Posts tagged: economics

FTTH Economics Remain Challenging

By admin, July 6, 2012 7:10 pm

Copper networks continue to be the “typical” way for telephone companies to provide broadband access service, globally, as more than 367 million subscribers worldwide in 2011 were served by digital subscriber line technologies. And though optical fiber long has been considered the preferred and ultimate access medium, the economics remain challenging.

So how fast, or even whether fiber-to-the-home will displace DSL remains a key question for landline network services providers. Application access: Application access to best-data-recovery.com is also relatively straight- forward from a technical perspective..

“Financial instability in the advanced economies of Western Europe and lack of innovative internet video services force telcos to look into the cost to value proposition delivered by making large scale investments into FTTH,” according to Adarsh Krishnan, ABI Research senior analyst of TV & Video at ABI Research?(News – Alert).

Up to this point, government subsidies often have been required to fund large fiber builds. Still, in a global business that has revenue in the trillion dollar range, fiber to home or fiber to business revenue still reached only about $30 billion in 2011, ABI says.

Global revenues from DSL broadband services reached $106 billion, with a compound annual?growth rate of 14 percent in the last five years up until 2011. The Asia-Pacific region continued to be a critical growth region for DSL broadband with China playing a dominant role accounting for 33 percent of the worldwide subscribers in 2011.

But a reasonable person might argue that rapidly-developing mobile broadband, the decline of voice revenue and emerging online threats to the video business now have become a key factor in industry thinking about fixed broadband investments.

In other words, right at the moment when massive investments for fiber access are contemplated, the revenue streams that could be generated are declining or threatened. That is hardly the sort of scenario likely to convince executives and firms to invest aggressively.

Want to learn more about the latest in communications and technology? Then be sure to attend ITEXPO West 2012, taking place Oct. 2-5, in Austin, TX. ITEXPO?(News – Alert) offers an educational program to help corporate decision makers select the right IP-based voice, video, fax and unified communications solutions to improve their operations. It’s also where service providers learn how to profitably roll out the services their subscribers are clamoring for – and where resellers can learn about new growth opportunities. For more information on registering for ITEXPO click here.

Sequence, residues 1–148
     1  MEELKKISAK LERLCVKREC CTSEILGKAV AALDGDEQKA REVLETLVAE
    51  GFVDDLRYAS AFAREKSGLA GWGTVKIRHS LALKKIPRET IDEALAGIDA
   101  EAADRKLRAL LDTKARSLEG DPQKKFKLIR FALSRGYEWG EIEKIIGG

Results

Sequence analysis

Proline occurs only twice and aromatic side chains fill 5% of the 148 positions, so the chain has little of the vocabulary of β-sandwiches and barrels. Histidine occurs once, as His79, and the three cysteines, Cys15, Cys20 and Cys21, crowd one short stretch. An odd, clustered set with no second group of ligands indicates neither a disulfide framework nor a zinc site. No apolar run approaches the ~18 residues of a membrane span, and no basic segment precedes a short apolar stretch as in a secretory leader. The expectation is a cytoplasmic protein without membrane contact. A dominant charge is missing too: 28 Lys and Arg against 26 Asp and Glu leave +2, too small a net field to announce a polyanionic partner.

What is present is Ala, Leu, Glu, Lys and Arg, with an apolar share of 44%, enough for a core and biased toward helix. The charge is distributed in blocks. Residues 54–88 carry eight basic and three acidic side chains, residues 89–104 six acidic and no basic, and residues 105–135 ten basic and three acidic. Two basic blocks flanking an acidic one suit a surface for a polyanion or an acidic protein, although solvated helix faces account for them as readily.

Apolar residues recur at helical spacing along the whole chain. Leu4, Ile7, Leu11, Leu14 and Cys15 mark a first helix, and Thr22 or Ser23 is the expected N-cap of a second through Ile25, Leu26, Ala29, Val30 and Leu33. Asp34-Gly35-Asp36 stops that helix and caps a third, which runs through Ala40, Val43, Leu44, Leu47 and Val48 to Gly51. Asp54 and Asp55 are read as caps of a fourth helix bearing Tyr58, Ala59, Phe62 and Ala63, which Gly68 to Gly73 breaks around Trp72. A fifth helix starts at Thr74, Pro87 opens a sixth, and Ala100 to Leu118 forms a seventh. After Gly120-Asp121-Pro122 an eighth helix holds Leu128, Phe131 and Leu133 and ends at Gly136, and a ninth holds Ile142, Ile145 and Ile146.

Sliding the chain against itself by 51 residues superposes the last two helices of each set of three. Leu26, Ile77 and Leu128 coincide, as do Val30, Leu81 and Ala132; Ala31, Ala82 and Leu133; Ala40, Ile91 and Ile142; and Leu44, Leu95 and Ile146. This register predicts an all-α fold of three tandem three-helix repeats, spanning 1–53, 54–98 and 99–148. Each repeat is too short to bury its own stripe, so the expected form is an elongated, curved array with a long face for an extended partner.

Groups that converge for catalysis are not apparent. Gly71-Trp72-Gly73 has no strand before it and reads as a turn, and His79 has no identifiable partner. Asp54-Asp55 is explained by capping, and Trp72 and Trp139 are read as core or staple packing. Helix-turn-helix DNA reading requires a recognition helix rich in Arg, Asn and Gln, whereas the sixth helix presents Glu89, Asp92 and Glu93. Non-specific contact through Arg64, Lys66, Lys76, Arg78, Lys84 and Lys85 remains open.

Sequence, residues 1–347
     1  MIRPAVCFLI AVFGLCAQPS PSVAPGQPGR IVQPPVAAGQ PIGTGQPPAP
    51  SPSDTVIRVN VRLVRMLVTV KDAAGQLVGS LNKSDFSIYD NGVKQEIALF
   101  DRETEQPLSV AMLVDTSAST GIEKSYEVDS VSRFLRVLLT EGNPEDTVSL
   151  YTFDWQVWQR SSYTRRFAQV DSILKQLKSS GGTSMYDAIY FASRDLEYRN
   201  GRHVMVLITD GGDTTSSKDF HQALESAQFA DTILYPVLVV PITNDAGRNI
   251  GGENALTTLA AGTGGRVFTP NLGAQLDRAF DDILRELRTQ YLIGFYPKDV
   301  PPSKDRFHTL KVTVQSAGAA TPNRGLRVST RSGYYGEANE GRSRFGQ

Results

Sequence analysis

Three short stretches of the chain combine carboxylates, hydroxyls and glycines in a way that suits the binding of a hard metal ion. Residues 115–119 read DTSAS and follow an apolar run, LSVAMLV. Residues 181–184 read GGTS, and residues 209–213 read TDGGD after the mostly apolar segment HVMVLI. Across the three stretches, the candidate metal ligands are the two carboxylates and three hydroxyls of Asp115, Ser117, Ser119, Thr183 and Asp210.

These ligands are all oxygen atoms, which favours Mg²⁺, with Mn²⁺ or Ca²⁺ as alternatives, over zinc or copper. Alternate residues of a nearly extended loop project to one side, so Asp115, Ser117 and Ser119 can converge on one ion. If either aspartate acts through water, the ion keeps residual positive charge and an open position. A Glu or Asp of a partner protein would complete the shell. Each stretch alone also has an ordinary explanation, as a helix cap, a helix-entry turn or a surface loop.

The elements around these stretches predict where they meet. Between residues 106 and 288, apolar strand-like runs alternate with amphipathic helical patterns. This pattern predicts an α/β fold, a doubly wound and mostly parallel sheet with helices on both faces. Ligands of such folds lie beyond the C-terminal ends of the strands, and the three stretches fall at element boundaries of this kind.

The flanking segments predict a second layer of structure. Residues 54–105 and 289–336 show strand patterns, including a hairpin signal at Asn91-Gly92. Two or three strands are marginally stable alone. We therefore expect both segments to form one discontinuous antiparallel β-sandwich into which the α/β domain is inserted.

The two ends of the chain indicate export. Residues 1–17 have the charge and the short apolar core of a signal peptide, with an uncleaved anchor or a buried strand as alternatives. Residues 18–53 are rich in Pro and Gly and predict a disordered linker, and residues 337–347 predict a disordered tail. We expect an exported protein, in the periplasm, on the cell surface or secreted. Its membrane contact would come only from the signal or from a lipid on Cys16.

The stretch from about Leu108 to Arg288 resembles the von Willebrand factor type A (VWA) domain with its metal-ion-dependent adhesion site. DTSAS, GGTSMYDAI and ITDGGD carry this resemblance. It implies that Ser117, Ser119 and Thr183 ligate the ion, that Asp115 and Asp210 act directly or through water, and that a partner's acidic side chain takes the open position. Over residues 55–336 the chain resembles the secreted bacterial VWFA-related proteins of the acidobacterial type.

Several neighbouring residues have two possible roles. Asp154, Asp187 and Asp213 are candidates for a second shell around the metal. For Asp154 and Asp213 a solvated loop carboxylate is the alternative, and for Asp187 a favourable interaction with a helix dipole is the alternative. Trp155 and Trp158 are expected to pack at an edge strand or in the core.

Stay in touch with everything happening at ITEXPO. Follow us on Twitter.

Edited by Rich Steeves

Japan-U.S. Cable Picks Ciena for Trans-Pacific 100G Submarine Network

By admin, June 26, 2012 12:31 pm

Japan-U.S. Cable Network has announced its plan to upgrade the trans-Pacific submarine network, which is close to 23,000 kilometers from the U.S. to Japan. The project has been aided by Ciena with its market-leading coherent 100 Gigabits per second (100G) technology.

The 23,000 kilometers network will be supported by Ciena’s 6500 Packet Optical platform with WaveLogic 3 coherent optical processors. This will replace existing 10G optical equipment at two landing stations in California, one in Hawaii, and three in Japan.

According to Ciena officials, their WaveLogic coherent technology offers revolutionary 40G/100G upgrades to existing submarine networks with only the addition of new terminal equipment, significantly extending the life of existing cable plants and further lengthening its lifespan. Other than scaling bandwidth and lowering costs, WaveLogic-powered networks can be programmed to quickly respond and adapt to changing requirements for capacity, reach, and latency.

Anthony McLachlan, VP and GM, Asia Pacific, Ciena said, “As bandwidth consumption accelerates worldwide, submarine networks have emerged as a potential bottleneck in global networks due to the cost, challenge, and financial risks of deploying new submarine cables. Ciena’s WaveLogic 3 coherent technology has completely changed the economics of bandwidth and time-to-market for submarine network operators, enabling dramatic increases in capacity over existing cable systems.”

The Japan-U.S. Cable is built with more than 26 consortium members such as: Verizon Business?(News – Alert), AT&T, BT, Sprint, CenturyLink, KDDI, NTT, Cable & Wireless Worldwide, Tata Communications, SingTel, Softbank Telecom, France Telecom, Level(3), AboveNet, KT, Starhub, PCCW?(News credit rating also signifies that influence acquired by intrigue connected with certain social positions..tmcnet.com/tmc/vertical/financial/images/chart_icon.gif” /> – Alert), and Telstra.

This new network will be the first direct coast-to-coast 100G trans-Pacific submarine network, which allows Japan-U.S. Cable customers to take advantage of the benefits of increased bandwidth and support rapidly increasing capacity demands.